20. Remember the word, . . . The servant is not greater than his lord. For this admonition to which the Lord refers see John 13:16; Matt. 10:24; Luke 6:40. The servants who represent the Master, show his spirit, obey his commands and do his work, must expect similar treatment to that which the world would award to the Master himself. They represent a spirit and policy that comes into direct collision with the world. Those who would persecute the Lord will persecute the disciples also. Those who would receive the Lord's words will also receive and keep their words also. Some will persecute; others will accept the gospel. The disciple must expect both results, persecution and glad reception. This has been the experience of all devoted proclaimers of the gospel, from Paul down to our own day. See in Paul's experience, Acts 13:42–45. (Joh 15:21)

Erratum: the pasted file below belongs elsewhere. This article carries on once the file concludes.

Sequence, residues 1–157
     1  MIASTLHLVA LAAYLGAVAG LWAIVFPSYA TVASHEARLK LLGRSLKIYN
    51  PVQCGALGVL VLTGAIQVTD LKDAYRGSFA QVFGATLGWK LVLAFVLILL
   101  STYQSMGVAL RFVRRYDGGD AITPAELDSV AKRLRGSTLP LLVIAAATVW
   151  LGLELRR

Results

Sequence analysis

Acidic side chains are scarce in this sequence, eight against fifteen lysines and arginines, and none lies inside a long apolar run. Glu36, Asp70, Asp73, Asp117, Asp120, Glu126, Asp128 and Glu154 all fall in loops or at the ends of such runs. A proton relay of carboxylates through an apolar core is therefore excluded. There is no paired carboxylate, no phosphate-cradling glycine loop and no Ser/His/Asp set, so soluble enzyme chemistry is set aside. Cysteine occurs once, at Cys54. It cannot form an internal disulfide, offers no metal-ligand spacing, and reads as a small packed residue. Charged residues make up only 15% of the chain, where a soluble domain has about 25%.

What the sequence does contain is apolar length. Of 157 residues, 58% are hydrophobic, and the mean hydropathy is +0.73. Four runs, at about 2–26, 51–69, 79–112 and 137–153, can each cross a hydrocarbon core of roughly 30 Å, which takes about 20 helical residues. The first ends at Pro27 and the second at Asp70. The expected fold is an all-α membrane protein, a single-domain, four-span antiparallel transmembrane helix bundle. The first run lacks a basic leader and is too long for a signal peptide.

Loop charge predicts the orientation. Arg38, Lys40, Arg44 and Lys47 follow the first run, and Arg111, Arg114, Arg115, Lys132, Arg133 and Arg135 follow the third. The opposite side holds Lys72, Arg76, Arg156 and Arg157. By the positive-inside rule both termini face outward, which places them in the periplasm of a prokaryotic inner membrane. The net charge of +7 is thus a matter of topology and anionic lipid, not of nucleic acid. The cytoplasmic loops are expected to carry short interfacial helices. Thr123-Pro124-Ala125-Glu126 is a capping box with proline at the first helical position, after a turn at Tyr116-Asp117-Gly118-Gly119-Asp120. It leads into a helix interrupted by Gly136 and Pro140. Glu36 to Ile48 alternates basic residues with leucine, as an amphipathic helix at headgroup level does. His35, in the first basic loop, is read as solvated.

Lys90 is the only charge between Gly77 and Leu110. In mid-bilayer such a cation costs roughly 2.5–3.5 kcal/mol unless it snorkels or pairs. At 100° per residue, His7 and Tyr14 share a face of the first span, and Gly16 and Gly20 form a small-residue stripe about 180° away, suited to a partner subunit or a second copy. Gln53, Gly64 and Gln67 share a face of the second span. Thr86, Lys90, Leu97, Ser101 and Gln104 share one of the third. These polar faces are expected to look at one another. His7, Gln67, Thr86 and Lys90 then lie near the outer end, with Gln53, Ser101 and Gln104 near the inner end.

21. All these things will they do unto you for my name's sake. The name of Christ, so sweet to his followers, is an object of hatred to his enemies. Not many months passed after these words were uttered until those that now heard Christ were under arrest by the Sanhedrim and were asked by the high priest, “By what power, or by what name, have ye done this?” Then Peter answered, “By the name of Jesus Christ, whom ye crucified, whom God raised from the dead, even by him doth this man stand before you 236whole.” Then, after a conference, the Sanhedrim “commanded them not to speak at all, nor teach in the name of Jesus” (Acts, chapter IV). Again, Acts 5:28, “The high priest asked, Did we not straitly charge that you should not teach in this name?” And they departed from the presence of the council rejoicing that they were counted worthy to suffer shame for his name (verse 41). See also 1 Pet. 4:14 and Rev. 3:8. What was true of the first age of persecution has been true of later ages. The Roman emperor, Diocletian, declared that he “would abolish the Christian name from the face of the earth.” The infidel Convention of France, at the time of the Reign of Terror, tried to destroy all that would recall his name, and there is nothing that excites the animosity of the haters of Christ more intensely than his name. One ground of the intense hatred of the Jews to “the name” was that Jesus proclaimed himself to be the Christ predicted by the prophets, and the use of this “name” was a constant indictment of them for crucifying the “Holy One” of Israel. They had rejected him because they knew not God, God who had sent Jesus into the world, though they professed to honor him. (Joh 15:22)